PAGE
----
Friday, September 21, 2007

Going Green!

Well, I feel I'm doing my small bit for the environment: I just bought a hybrid vehicle, a "pre-owned" (they don't say "used" any more) 2006 Ford Escape, and so far I love it. It gets 31 mpg on the highway and 36 in the city - the reason for the better city mileage is that at lower speeds it kicks into electric-only mode. Very cool - this car does not "idle" in the traditional sense of the word, either. In fact, it feels like it shuts down when you come to a complete stop. That's got to be better emissions-wise. I'm eating my words though - I vowed several years ago I would never buy an SUV. But it's okay because this is a relatively small one and it's "green". If I had the option, I'd buy an all-electric car. (See the documentary Who Killed the Electric Car? for an eye-opening story of what happened recently to that short-lived market.)

In honor of that, my Music Top Ten this week is "Songs with an Environmental Theme":

1. Big Yellow Taxi - Joni Mitchell
2. If a Tree Falls - Bruce Cockburn
3. Pollution -Tom Lehrer
4. Blue Water - Poco
5. Nothing But Flowers - Talking Heads (a rather ironic spin on the topic)
6. To the Last Whale (Critical Mass/Wind on the Water) - Crosby and Nash
7. Whose Garden Is This? - Tom Paxton
8. World Party - World Party
9. It's a Different World Now - Rodney Crowell
10. Don't Kill the Whale - Yes

Thanks again to XPN "boardie" buddies for some of these suggestions.

Some of my recent CD discoveries:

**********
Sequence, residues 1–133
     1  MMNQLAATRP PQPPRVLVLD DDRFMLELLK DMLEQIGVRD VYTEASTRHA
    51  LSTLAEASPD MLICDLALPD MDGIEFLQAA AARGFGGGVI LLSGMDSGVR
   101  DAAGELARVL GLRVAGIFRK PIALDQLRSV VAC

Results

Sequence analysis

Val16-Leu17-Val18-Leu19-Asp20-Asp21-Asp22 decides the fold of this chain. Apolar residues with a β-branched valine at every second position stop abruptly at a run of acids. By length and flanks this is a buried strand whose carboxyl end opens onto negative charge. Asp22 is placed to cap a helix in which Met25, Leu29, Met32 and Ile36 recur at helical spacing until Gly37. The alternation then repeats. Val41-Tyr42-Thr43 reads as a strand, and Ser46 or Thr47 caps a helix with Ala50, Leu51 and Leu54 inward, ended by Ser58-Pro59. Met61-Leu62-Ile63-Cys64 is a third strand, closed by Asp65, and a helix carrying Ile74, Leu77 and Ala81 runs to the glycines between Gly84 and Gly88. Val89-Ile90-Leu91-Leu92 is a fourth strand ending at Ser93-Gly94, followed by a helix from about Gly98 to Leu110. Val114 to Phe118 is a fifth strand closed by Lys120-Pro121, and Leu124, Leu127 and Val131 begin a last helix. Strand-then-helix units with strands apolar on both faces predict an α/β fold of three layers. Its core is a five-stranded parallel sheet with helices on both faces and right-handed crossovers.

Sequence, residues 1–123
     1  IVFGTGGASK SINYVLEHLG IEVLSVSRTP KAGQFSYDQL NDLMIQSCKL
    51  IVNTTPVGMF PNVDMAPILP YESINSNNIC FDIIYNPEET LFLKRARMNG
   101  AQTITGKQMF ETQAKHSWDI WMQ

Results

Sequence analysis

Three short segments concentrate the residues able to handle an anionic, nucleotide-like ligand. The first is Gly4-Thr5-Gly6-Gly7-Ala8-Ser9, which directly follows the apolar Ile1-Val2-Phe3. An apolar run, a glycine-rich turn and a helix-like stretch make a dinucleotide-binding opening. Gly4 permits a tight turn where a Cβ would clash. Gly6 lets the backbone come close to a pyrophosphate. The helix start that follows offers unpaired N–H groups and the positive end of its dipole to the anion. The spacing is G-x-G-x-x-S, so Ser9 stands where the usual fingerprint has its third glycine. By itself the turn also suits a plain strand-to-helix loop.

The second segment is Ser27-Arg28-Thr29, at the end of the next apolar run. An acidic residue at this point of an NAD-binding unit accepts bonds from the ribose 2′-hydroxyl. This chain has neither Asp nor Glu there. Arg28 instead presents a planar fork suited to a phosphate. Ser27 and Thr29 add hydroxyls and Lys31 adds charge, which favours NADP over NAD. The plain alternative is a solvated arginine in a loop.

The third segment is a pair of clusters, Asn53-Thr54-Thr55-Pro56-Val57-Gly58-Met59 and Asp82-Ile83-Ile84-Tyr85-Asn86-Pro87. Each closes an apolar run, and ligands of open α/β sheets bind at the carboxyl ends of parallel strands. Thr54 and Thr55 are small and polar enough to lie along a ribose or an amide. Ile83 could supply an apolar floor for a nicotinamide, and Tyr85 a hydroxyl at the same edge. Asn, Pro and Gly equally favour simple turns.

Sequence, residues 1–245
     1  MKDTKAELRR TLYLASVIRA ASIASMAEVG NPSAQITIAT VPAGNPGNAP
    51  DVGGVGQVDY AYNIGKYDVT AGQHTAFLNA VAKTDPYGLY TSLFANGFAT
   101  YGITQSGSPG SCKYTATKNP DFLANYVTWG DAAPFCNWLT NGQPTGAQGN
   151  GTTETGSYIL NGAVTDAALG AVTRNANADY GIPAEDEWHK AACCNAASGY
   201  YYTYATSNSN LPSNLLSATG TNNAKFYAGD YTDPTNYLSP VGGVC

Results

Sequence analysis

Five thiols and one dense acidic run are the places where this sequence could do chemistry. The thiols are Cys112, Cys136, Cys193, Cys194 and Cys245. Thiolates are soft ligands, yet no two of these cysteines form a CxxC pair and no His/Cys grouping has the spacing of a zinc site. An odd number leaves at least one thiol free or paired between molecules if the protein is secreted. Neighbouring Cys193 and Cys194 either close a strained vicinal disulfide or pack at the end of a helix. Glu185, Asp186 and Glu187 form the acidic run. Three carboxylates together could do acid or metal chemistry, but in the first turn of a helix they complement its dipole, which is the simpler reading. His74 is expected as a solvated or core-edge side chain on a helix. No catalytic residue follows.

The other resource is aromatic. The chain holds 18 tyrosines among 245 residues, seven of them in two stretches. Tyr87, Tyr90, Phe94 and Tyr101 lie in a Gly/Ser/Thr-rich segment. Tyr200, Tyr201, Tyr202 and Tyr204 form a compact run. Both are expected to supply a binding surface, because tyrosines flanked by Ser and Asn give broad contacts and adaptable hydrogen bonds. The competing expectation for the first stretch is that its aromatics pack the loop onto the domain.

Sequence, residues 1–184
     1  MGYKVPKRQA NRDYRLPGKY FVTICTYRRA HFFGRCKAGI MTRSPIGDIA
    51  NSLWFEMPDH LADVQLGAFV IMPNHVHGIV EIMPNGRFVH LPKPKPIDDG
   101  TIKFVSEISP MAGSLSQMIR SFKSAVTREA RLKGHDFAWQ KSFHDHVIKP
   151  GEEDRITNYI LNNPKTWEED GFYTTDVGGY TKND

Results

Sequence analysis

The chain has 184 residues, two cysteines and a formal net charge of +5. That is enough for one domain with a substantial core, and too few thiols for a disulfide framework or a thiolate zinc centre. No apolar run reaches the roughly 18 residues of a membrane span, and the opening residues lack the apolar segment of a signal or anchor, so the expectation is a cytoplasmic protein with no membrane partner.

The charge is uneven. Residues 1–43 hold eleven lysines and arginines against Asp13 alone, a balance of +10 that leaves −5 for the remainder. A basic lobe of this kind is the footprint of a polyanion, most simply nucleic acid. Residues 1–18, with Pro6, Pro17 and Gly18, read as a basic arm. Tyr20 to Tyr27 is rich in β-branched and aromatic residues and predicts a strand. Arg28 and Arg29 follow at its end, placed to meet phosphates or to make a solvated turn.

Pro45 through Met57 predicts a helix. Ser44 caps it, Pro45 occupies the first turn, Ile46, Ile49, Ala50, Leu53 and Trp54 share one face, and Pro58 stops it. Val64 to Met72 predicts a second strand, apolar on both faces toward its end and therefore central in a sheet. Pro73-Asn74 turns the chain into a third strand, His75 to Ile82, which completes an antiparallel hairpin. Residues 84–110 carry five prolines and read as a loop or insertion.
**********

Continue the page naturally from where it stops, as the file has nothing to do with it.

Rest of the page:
A.C. Newman - The Slow Wonder: The driving force behind The New Pornographers put out this solo album about 3 years ago, and it's excellent power-pop. A number of tunes are as good as the best of NP, especially "The Town Halo" and "On the Table" - catchy, brilliant stuff.

Arcade Fire - Neon Bible: I'm still warming up to this one, but it's got at least one thing going for it: "No Cars Go" is one of the best damn songs of the year.

Matt Pond PA - The Green Fury: These guys are becoming one of my favorite "new" bands. Sound a bit like the Shins but a little mellower. This 2002 release has been my entry point to their full-length catalog.

Here's one I wrote about visiting my poet friend James Byrne (editor of The Wolf) in London in 2005. It was nominated for a "Best of the Net" award by Sunken Lines:

Down from Hampstead

(for J.B.)

At the top of the climb
the Spaniard’s is closed,
so we hike to another café

for screw-top Rothschild
and a sandwich of rocket and egg,
then out to the overlook –

the city laid out like our oyster
(and I with my card) –
before we descend to the town,

muck of the Heath still on our shoes.
(Mine, camouflage brown; yours red –
do the angels still want to wear them?)

We accost bookshops and barkeeps,
clink cheers with a pint or two, or more,
and carry on to our true destination,

a cramped and smoky club
packed with fellow travelers
guilty of poetry,

cleaning the muck
from their own psychic shoes,
with a stiff brush of language.

After words, another pint
chased by last orders,
the night thus rolled in.

Trading valedictions,
we carry good books and thoughts back
to our own little nooks of the world.

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